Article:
NZ Quality of Healthcare Study – Nurse Review Form
This was the first stage review form, undertaken by Registered Nurses on the research team, to ascertain for each record if it met any of 18 screening criteria selected as potentially indicative of an adverse event.
NZ Quality of Healthcare Study – Medical Review Form
Records that were marked as potentially indicative of an adverse event were then forwarded for full review by trained and experienced Medical Officers, also on the research team. This was an instrument relying on structured implicit review (guided exercise of professional judgment), and aimed to determine whether each marked record was indeed associated with an adverse event, and then if so, to characterise that adverse event according to key clinical criteria.
NZ Quality of Healthcare Study – Data Access Request Form
At each stage of review, both quantitative data and free-text summaries were collected, so the data collected by this project are highly sensitive. Hence we cannot have them freely accessible here, and instead provide this form to initiate contact with anyone interested in accessing any of these data sets. Please fill in the form and email it to email@example.com to begin this process.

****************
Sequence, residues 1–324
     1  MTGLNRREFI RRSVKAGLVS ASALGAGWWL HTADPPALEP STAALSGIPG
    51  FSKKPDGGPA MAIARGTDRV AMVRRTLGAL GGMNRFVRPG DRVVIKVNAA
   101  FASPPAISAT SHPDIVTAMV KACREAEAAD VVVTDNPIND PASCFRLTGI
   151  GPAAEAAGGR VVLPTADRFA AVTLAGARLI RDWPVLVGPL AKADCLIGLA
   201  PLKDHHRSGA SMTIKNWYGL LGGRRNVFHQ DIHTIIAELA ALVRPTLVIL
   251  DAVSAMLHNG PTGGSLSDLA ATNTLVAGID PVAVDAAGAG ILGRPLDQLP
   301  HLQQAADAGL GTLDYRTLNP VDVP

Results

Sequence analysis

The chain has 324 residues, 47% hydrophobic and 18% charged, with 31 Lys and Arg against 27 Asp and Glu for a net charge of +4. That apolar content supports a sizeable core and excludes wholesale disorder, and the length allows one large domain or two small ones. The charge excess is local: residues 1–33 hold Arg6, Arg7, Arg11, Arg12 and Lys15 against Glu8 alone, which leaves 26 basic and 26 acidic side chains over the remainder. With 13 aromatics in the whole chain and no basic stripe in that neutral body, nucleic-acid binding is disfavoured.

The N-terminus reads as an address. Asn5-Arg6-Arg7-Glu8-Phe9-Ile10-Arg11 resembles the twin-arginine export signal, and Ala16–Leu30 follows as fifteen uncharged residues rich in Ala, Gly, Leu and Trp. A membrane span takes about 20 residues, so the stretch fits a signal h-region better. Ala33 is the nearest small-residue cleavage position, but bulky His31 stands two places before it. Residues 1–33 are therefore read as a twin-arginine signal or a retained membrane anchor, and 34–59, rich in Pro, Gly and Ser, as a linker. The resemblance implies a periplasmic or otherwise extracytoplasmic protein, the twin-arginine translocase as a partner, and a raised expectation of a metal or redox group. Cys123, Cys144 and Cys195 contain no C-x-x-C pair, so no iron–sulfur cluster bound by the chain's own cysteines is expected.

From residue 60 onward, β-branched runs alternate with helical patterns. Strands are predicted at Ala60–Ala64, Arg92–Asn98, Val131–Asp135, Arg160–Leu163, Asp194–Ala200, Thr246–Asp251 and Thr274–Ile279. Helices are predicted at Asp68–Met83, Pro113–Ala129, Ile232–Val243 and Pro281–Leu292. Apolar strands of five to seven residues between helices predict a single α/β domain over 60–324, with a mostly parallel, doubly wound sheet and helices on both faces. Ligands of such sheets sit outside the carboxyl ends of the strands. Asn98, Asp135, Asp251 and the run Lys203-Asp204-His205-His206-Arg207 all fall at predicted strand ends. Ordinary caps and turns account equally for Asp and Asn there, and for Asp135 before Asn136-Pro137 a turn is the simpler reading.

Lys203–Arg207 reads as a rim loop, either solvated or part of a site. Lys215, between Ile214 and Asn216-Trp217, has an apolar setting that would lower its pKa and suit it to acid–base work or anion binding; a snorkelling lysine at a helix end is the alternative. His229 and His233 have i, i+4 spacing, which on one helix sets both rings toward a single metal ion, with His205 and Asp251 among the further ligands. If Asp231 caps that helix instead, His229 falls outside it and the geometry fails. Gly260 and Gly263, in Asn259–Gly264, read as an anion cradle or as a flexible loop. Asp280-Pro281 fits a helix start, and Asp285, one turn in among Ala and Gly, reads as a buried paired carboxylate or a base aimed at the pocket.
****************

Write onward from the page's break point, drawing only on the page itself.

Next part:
The objective was to assess the occurrence, impact and
preventability of adverse events recorded in New Zealand public
A two-stage retrospective review was carried out on 6,579 medical
records. These were selected by systematic list sample from
admissions for 1998 occurring in 13 public hospitals throughout
New Zealand providing acute care and with over 100 beds,
excluding specialist institutions. Following initial screening,
medical records were subject to structured implicit review (that is,
the guided exercise of professional judgement) by a team of trained
medical officers, using a standardised protocol.
The information available in the sampled medical records was of a
quality that permitted the adequate identification and analysis of
adverse events. The processes and instruments used in comparator
studies internationally were applied in the New Zealand setting
with little difficulty. Reliability and validity measures displayed
only moderate levels of agreement, however.
Analysis of the 850 adverse events identified revealed a
distribution, impact, and clinical context comparable with other
studies. Adverse events (which may have occurred either within or
outside public hospitals) were associated with 12.9 percent of
admissions. Approximately 35 percent of adverse events were
classified as highly preventable. Although less than 15 percent of